As excitement mounts ahead of Friday's World Cup draw, England manager Roy Hodgson summed it all up nicely: "It's like Forrest Gump and the box of chocolates. We open it up and see what we get." Of course, like Tom Hanks some of the coaches might want to run and keep on running when they see the strength of the opposition. This looks to be one of the toughest World Cups to win with all of the game's heavy hitters present and accounted for. Hosts Brazil have not lost a competitive home game since 1975, so they rightly start as favourites. Their performance in June's Confederations Cup final, which was played in a fevered atmosphere after the weeks of civil unrest, told us how difficult they will be to beat on home soil. Reigning World Cup and European champions Spain were brushed aside 3-0 by this modern Brazil's blend of flair, laced with plenty of physicality when needed. Neymar is the poster boy. The heat and electricity surrounding him will be beyond intense, but he seems to revel in the role. The host nation never gets handed a tough group. Don't be surprised if Brazil are with Iran, Algeria and Bosnia-Herzegovina, which is about as undemanding as it can get given the quality of the overall field. Jurgen Klinsmann's improving U.S. side find themselves lumped together in the pot of outsiders -- and that's a big negative because it means they cannot be drawn to play any of those "easier" nations. Four years ago Bob Bradley's team, thanks to Landon Donovan's late lifesaver, topped a group that included a not very frightening England, plus Algeria and Slovenia. That was a kind draw. This one threatens to be far harder. How would the Americans fancy Lionel Messi's Argentina, African champions Nigeria and four-time winners Italy, or the Netherlands? That would be the draw from hell. (ESPN FC's World Cup simulator cranks out all the permutations, and as you’ll see, it’s usually a grim result for the Americans.)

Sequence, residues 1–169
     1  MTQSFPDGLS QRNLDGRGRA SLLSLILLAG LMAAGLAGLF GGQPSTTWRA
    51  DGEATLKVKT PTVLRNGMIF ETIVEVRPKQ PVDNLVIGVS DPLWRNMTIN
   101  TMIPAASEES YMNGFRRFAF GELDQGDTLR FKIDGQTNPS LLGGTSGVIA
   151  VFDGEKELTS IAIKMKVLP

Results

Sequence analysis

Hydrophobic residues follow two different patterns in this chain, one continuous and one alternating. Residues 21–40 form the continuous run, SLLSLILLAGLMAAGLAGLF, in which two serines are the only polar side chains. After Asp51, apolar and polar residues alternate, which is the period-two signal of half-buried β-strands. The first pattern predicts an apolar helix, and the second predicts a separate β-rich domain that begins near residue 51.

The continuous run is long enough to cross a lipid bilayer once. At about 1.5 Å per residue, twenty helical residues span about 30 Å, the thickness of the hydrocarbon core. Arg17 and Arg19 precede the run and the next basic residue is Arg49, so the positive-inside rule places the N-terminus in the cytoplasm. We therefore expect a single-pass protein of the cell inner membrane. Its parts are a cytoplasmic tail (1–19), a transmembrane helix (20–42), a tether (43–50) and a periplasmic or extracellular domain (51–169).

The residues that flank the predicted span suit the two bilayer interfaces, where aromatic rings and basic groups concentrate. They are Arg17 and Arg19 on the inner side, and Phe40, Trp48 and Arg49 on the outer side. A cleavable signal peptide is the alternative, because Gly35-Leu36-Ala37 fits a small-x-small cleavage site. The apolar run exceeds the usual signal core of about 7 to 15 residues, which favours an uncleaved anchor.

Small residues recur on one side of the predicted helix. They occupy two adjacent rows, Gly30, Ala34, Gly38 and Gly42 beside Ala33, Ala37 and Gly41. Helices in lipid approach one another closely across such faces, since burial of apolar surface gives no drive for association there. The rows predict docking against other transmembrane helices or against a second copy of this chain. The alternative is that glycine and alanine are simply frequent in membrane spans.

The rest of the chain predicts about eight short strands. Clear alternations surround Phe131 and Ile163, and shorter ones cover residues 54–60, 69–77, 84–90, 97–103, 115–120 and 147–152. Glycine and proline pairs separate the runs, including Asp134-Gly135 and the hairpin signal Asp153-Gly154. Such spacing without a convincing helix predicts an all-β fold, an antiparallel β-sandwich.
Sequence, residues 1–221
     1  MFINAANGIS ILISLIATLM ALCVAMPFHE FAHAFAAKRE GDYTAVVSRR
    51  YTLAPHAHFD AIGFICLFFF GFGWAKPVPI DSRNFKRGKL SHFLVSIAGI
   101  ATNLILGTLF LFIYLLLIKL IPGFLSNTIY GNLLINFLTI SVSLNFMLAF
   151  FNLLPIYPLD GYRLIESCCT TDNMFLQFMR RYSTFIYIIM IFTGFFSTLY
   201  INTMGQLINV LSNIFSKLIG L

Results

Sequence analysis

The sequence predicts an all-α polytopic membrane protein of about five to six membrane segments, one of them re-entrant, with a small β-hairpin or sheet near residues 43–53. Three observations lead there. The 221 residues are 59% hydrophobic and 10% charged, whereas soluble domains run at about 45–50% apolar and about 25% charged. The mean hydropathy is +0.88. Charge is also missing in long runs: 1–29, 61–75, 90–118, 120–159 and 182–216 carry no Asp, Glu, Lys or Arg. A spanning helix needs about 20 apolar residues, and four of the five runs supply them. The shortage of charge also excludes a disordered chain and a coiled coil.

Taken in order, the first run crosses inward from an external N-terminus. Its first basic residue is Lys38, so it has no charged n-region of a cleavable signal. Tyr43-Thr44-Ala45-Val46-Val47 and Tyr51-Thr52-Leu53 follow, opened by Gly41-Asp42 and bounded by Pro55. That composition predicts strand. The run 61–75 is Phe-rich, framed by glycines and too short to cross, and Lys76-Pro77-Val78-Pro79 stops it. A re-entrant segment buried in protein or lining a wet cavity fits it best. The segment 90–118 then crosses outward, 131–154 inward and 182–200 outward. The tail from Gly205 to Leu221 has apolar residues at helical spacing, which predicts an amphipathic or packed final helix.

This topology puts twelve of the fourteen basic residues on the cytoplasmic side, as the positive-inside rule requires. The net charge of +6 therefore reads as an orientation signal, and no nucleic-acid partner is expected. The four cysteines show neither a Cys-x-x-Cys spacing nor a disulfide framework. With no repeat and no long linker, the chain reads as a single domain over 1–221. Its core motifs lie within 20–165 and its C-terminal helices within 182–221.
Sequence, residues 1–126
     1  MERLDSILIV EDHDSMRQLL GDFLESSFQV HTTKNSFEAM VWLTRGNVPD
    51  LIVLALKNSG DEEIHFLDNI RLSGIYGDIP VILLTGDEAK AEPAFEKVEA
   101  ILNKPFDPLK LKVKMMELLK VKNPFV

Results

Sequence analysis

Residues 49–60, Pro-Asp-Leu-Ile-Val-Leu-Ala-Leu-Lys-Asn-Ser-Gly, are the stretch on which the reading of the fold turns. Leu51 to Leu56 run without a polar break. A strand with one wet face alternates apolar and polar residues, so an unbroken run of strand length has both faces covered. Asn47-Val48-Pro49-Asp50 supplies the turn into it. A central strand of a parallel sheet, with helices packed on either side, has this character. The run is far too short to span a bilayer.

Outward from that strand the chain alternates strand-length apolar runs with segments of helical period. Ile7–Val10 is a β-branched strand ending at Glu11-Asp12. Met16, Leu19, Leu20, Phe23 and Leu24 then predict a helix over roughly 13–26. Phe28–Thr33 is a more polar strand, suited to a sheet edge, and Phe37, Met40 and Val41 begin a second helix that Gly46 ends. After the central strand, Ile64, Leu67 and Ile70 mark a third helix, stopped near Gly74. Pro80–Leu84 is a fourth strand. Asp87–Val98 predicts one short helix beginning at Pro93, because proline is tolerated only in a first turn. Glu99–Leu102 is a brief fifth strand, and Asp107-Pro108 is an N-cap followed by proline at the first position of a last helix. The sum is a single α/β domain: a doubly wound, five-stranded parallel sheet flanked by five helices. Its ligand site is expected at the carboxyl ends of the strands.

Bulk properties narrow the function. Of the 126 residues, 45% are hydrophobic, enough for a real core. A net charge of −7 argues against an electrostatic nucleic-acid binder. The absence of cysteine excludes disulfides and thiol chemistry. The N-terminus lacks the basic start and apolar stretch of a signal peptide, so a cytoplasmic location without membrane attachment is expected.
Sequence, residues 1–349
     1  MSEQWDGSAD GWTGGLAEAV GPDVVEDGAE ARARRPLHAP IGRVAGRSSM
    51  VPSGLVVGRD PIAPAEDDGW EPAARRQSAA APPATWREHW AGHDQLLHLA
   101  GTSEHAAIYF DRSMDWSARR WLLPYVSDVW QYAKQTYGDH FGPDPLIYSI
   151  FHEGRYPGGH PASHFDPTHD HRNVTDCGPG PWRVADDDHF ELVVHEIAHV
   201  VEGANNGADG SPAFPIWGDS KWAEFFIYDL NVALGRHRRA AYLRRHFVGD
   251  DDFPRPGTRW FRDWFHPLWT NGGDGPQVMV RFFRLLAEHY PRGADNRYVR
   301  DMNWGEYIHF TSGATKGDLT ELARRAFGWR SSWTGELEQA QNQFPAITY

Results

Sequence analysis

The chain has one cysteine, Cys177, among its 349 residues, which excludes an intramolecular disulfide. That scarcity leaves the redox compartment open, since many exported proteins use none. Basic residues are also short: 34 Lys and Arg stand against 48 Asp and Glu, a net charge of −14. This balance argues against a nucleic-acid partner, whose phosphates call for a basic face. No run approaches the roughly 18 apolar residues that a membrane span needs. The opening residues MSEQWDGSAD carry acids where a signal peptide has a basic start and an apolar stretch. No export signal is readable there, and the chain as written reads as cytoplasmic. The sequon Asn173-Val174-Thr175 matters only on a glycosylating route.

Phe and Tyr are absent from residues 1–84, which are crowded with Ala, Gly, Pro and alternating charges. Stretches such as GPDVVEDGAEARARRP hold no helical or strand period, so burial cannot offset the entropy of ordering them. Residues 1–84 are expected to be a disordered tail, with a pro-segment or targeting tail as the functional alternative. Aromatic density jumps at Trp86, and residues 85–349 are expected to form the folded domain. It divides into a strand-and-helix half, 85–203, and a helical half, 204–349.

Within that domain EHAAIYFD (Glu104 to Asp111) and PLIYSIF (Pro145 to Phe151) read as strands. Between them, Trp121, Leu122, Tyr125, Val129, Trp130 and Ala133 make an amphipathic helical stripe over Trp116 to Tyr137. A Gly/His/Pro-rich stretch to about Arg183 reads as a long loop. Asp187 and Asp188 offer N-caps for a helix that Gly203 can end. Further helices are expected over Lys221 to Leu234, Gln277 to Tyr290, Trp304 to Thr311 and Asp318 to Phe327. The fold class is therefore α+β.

Mr. Klinsmann would probably settle for something like Colombia, Cameroon and Greece -- not that any of those games would be formalities. One of the favourites will be Germany, with a squad rich in talent and perhaps now ready to deliver a first tournament win since Euro 96. But even their manager, Jogi Loew, will be praying on Friday that the Germans are not drawn alongside their bogey team Italy, who hammered them in the Euro 2012 semis. Here's another scenario to whet the appetite: arguably the tournament's three biggest stars, Messi, Cristiano Ronaldo and Franck Ribery, could be drawn in the same group. Many of the coaches are just as worried about the schedule and climate as their opponents. Four groups include a long flight out to the Amazon jungle to play in Manaus, which is widely believed to have been included as a venue simply to boost Brazil's tourist trade. It is not really a "football town." That trip will be exhausting and the travel will eat into vital recovery time before the next match. The southeast venues of Rio, Sao Paulo and Belo Horizonte look kindest, and whatever top seed falls into Group H can stay in that area where temperatures are a little milder: a plum draw. Up in the northeast, lunchtime kickoffs in places like Recife will mean the possibility of playing in extreme heat. And yet a side might have to fly from there to play in a knockout game down south in a freezing Porto Alegre. The U.S., for one, have planned well and Klinsmann will take his players to the training base in Sao Paulo as part of the national team's January camp. Friday promises to be a nervy day and, by that night, we will have a clearer picture of just how this World Cup might develop. Every team will have fingers crossed for luck with the draw. But, to win the World Cup, sooner or later you have to meet and beat the best teams on the planet. History says South American teams triumph in South America and that's why, from this long range, my very unoriginal idea of the winner is Brazil, with Argentina and Uruguay as the most obvious threats. Colombia carry attacking menace with Falcao $amp; Co., but look a little too erratic. Holders Spain, plus Germany, will fly the flag for Europe, with a progressive Italy, who looked good at the Confederations Cup, possibly causing a shock. England travel with low expectations but with hope that a new wave of good youngsters will blend well with Wayne Rooney and Steven Gerrard to give a decent account of themselves. The very thought of it all is mouth-watering. And Friday will set the pulses racing a little quicker. Be warned. There might be several "Groups of Death" this time.